Emulating a Prohibition Era speakeasy in some ways, Here & Now’s seven barrel system serves a rotating lineup of beer crafted by brewmaster Karl Schloesser (and future expansion is deemed inevitable).

I get to experience twelve previously untried brews during my one-hour July ’18 perusal.

First up were five interestingly diverse saisons. Mildly creamed Le Dale Saison plied pineapple, yellow grapefruit and mandarin orange tartness to floral-spiced niceties and herbal subtleties. Earthy rye tones deepened Rainbow Season Saison’s sublime grapefruit-peeled mandarin orange piquancy and slight lemongrass tingle. Nearly as earth-toned, Solace let delicate Cascade-hopped citrus spicing linger softly above mossy pine resin and celery-watered vegetalia.

Simple springtime session saison, In The Meantime, delivered raw-honeyed spicing to floral citrus licks and grassy hop astringency.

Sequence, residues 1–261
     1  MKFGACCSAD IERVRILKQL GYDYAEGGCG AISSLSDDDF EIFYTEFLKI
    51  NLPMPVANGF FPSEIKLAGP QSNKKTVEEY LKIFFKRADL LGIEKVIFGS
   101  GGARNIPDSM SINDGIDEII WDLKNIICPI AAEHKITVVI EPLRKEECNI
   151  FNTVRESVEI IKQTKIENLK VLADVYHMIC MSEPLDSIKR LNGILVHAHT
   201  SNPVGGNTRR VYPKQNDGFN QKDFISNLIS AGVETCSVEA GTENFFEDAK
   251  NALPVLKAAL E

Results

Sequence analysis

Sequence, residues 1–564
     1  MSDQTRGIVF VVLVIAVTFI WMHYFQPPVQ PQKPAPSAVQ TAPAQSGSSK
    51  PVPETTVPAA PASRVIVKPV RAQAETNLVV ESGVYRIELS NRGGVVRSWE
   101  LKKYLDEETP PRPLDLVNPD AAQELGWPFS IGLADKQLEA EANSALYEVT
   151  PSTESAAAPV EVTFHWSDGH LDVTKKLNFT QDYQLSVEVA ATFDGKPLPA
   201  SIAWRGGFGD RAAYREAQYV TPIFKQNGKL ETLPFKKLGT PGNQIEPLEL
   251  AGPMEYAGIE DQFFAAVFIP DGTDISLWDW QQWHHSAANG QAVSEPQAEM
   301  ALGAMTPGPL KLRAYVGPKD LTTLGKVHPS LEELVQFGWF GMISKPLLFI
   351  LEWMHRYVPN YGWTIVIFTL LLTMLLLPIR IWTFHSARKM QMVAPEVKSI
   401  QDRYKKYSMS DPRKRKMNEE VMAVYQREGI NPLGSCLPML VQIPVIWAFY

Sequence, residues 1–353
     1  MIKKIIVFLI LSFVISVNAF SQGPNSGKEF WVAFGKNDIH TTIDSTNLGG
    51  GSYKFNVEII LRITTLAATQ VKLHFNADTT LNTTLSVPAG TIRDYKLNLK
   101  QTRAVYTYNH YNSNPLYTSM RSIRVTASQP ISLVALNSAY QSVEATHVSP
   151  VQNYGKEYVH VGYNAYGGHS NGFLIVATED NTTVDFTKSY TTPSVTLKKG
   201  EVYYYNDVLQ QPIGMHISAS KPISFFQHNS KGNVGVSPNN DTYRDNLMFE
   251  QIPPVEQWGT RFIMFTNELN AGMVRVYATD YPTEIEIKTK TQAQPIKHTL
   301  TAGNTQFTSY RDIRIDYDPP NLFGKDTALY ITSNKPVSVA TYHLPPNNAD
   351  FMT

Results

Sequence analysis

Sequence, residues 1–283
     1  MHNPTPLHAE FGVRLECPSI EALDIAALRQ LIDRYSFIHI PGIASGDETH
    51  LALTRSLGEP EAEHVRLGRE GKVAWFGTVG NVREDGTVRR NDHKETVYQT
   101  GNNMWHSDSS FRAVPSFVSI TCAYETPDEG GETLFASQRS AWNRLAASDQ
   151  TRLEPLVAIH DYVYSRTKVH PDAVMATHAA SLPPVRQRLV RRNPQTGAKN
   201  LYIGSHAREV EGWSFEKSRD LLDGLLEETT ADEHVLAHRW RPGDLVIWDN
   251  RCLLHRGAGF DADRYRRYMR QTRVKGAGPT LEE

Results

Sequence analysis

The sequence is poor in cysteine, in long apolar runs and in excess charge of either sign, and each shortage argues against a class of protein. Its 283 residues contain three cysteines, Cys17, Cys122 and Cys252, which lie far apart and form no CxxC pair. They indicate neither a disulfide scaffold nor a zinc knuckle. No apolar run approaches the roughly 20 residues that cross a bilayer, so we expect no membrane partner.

Boosting the hop level gave Porch Sitting Hoppy Saison its moderate grapefruit-peeled orange rind bittering while floral lemon tea illusions fluttered above crackery pale malting.

Musky grain malts fortified As A Feather Helles Lager, a light-bodied German styling given floral-dabbed corn, spelt and alfalfa groating that hides its wispy yellow fruited sway.

Mustier Accidentally Prague Czech Dark Lager pasted musty chocolate chalking to earthen oats grist.

Lemony white grape sourness inundated Hue, a solvent-like hefeweizen needing stylish banana-clove sweetness. Dry peach-fuzzed citrus zest enveloped Secret Epicenter Pale Ale. Sweet orange peel serenaded brisk 7th Street Circus House IPA, a sessionable moderation with mild grapefruit, peach and tangerine illusions.